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5 Healthy Snacks That Really Aren’t (and 5 That Are!)

November 13th, 2019

5 healthy snacks that really aren't

Snacks. Who doesn’t love them? Healthy snacks can help you stay satisfied until dinner comes around. They keep you nourished before and after your workouts. They are a fun treat to share and can be an easy way to add more nutrients to your diet.

If you’re reading this, I’ll bet you already know to avoid junk foods such as potato chips and items made with hydrogenated oils or containing trans fats. However, there are also snacks that sound healthy yet may be harmful to your health. Some of these “health foods” may be natural yet irritating to those with gut issues. Others are highly processed, loaded with sugar and refined oils, and may include artificial sweeteners. Still more may contain hidden gluten or be made from GMO ingredients.

All of these can be damaging to your gut. They may lead to gut flora imbalance, constipation, diarrhea, upset stomach, acid reflux, and other digestion issues.1,2,3,4,5 Fortunately, even if you have snacked on items that sound healthy yet aren’t, my Leaky Gut Revive® can help restore your gut and get you back on track to optimal health.

5 “Healthy” Snacks That Really Aren’t

Here are the top five so-called healthy snacks that you should cut from your grocery list. I’ve also included five great replacements.

1. Dairy-Free Yogurts

Bravo! You’re avoiding inflammation-causing dairy and choosing a dairy-free substitute. However, look twice! Yogurt substitutes can be deceiving. Some of the dairy-free yogurts on the market are packed with sugar, additives, unnatural ingredients, and chemicals. Many are made from soy, a legume that causes molecular mimicry, inflammation, and digestive issues. Soy also contains chemical compounds called isoflavones. These can mimic estrogen and may lead to hormonal imbalance.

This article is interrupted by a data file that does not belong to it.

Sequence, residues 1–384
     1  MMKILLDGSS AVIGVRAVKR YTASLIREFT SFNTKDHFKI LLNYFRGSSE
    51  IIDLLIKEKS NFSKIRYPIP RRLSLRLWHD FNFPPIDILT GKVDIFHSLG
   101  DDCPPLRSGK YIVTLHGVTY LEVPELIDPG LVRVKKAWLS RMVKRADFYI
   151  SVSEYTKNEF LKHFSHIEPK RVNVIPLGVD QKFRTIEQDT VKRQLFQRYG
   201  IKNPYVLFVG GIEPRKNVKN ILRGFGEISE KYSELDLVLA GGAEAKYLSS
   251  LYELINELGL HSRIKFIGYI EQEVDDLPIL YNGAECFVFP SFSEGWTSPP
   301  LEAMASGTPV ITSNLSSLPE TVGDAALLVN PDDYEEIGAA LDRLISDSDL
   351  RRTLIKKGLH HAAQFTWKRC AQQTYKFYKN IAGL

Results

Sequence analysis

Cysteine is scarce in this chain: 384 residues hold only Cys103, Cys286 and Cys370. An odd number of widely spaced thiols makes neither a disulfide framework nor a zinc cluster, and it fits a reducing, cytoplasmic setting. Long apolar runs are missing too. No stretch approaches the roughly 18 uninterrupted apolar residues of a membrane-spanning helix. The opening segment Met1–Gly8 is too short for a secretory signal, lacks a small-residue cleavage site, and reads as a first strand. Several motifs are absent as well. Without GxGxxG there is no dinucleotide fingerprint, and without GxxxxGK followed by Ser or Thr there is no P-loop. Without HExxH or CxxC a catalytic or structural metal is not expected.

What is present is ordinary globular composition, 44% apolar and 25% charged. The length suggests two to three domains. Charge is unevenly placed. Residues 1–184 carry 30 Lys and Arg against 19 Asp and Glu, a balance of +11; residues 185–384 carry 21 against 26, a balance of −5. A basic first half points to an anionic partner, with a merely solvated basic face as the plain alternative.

2. Apples

Apples are high in fiber, relatively low in calories, natural, portable, widely available, and relatively inexpensive. You may think they’re the perfect snack, however, they may not be so good. Some apples, such as green Granny Smiths have a lower glycemic index (GI.) Others, such as Golden Delicious and Fujis, are much higher in sugar. They may cause blood sugar imbalances. Some people who are dealing with a gut microbiome imbalance may have difficulty digesting them. For this reason, apples are not part of the FODMAPS diet because they may cause IBS and other digestive issues. If you do eat apples, I recommend sticking to just half of a lower GI apple, such as Granny Smith. Combine it with other foods such as a salad or smoothie.

3. Granola Bars, Protein Bars, and Trail Mix

Granola, protein bars, and trail mix (their loose counterpart) certainly seem to be a great option that will keep you satisfied. However, the truth is that most bars and mixes are far from healthy. Many have gluten, are high in sugar, and often not much better than candy. Even gluten-free bars and mixes can be dicey. Protein bars are often made with bloat-causing vegetable proteins that compromise your digestion. You may find a list of chemicals, unnatural flavors, and additives on the label as well.6,7 This doesn’t mean you have to stay away from bars completely. You can make your own protein bars from healthy ingredients such as coconut flour, and The Myers Way® Chocolate Paleo Protein. I also recommend my favorite Chewy Protein Paleo Bars.

4. Microwave Popcorn

Corn should be avoided on autoimmune diets. For those of you who can enjoy corn, you may think microwave popcorn is a quick, healthy snack. Think again! Popcorn can also be loaded with chemicals. Additionally, many microwave popcorn brands use refined oils, artificial flavors, added coloring, MSG, and other unnatural and unhealthy ingredients. Even the bag used for microwave popcorn may be lined with perfluorooctanoic (PFOA) acid. That’s the same toxic chemical used in some nonstick pots and pans. PFOA is on the EPA’s list of carcinogen substances and is linked to infertility, cancer, and other diseases.8